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Dave Pasch Explains Why He Makes His Award Voting Public On Wolf & Luke

“I usually say, ‘Here’s how I voted,’ to be transparent. Had I listed all of my votes for each ballot yesterday, I don’t think there would have been as much vitriol from Suns fans.”

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Members of the media, when working or living within a specific locality, are implicitly expected by fans to vote for guys on their local team rather than looking at the complete landscape of the league to determine who is most deserving of each regular season NBA honor. It isn’t fair, but it is a reality. There was a significant backlash to Arizona Cardinals play-by-play announcer and NBA reporter Dave Pasch, after he revealed on Twitter that he voted for Marcus Smart to win defensive player of the year over Phoenix Suns forward Mikal Bridges.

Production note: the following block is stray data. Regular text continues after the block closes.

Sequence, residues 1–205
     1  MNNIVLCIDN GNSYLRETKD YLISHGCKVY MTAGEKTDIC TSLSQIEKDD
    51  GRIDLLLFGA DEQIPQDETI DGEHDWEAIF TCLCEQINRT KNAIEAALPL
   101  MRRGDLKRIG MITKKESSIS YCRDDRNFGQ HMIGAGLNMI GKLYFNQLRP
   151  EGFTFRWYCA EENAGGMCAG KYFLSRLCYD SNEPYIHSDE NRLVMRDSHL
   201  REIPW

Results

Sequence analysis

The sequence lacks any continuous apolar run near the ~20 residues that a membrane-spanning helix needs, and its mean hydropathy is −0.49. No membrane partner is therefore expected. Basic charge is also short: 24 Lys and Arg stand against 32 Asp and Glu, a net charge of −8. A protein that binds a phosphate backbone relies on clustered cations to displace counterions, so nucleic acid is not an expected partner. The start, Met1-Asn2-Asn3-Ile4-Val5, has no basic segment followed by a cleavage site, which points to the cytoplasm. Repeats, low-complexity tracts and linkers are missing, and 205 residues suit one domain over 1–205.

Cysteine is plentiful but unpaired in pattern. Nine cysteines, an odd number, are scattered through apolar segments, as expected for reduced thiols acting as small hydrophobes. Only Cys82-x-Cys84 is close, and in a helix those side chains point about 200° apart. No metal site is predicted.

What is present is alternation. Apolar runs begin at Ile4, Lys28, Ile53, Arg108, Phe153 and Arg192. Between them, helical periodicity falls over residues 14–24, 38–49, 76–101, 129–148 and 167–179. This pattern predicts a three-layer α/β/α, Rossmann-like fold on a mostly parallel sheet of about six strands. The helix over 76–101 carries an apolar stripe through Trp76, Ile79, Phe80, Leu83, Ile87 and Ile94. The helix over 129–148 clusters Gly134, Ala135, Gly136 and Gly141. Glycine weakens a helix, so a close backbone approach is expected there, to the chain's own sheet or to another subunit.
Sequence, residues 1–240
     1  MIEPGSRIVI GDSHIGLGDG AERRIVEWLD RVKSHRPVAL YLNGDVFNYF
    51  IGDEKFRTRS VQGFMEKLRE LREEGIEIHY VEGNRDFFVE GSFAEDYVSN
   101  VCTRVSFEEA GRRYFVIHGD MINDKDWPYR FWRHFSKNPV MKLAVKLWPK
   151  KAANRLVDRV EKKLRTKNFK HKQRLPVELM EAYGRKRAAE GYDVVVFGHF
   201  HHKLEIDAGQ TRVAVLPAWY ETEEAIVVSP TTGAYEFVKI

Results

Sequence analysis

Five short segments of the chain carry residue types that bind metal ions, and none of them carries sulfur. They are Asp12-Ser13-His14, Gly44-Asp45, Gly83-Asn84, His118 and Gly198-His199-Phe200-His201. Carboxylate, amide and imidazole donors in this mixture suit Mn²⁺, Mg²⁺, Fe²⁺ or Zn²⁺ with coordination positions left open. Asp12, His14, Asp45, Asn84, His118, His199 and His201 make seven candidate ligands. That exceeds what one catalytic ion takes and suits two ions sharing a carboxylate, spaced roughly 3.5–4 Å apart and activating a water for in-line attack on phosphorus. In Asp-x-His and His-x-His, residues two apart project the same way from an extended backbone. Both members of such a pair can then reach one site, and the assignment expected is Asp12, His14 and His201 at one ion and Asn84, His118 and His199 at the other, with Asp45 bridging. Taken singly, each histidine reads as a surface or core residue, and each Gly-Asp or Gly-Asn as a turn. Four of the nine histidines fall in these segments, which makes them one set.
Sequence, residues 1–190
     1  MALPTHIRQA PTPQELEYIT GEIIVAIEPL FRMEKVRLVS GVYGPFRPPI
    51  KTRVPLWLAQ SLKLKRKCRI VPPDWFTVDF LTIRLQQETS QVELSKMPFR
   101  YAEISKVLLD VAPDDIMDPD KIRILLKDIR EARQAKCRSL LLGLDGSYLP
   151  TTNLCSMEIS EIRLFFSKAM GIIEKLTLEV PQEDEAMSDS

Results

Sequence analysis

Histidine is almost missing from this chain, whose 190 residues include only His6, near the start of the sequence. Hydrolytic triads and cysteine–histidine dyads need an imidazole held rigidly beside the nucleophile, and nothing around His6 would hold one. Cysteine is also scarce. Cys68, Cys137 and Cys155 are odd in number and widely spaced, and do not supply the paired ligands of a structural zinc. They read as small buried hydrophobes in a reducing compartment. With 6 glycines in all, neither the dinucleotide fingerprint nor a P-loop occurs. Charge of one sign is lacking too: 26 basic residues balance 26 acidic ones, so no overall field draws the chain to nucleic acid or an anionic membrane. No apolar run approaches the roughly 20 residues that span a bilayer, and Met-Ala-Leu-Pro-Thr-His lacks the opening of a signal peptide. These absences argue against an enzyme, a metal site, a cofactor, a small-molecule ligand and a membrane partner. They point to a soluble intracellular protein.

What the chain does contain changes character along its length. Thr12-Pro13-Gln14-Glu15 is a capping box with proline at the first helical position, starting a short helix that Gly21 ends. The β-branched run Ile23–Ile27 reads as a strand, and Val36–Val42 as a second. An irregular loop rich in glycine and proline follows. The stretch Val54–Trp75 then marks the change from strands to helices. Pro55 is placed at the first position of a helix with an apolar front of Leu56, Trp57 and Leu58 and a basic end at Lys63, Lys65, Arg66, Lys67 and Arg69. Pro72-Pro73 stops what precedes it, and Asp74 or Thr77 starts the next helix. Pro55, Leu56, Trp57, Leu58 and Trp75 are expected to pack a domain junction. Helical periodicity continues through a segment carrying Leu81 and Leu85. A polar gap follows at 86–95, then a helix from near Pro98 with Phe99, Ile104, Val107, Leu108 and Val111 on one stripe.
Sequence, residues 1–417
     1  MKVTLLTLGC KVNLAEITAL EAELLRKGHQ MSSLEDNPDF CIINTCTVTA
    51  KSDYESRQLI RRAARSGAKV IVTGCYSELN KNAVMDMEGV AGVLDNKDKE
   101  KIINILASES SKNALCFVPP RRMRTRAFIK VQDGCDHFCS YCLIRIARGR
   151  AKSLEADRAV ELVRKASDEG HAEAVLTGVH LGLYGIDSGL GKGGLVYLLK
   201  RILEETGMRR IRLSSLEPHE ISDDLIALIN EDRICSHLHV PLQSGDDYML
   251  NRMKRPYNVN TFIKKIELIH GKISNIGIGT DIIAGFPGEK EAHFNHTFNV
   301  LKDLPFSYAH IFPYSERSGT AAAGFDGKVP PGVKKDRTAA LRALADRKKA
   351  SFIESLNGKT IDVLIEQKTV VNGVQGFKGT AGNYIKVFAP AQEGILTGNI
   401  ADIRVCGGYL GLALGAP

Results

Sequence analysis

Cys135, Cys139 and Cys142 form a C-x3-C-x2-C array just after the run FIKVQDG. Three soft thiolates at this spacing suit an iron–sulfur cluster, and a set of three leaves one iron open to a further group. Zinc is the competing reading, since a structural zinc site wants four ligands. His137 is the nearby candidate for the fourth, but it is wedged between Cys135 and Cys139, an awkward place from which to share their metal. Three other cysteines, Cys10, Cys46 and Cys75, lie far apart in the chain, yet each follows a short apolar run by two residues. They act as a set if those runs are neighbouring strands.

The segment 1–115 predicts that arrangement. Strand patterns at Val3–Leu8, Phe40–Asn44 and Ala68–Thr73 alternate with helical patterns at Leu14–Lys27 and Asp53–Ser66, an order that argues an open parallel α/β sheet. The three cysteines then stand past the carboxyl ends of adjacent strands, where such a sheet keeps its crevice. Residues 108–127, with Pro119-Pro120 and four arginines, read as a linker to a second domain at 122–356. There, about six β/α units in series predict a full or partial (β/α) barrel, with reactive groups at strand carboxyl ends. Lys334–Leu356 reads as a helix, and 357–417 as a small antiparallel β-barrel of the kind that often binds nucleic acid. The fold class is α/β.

Not all voting members of the media choose to publicize their ballots. On Tuesday, Pasch joined Wolf & Luke on Arizona Sports 98.7 to explain why he continues to publicize his awards votes each year, even if it has meant vociferously hearing the opinions of fans.

“I like to do that… every time they announce an award winner,” said Pasch. “I usually say, ‘Here’s how I voted,’ to be transparent. Had I listed all of my votes for each ballot yesterday, I don’t think there would have been as much vitriol from Suns fans.”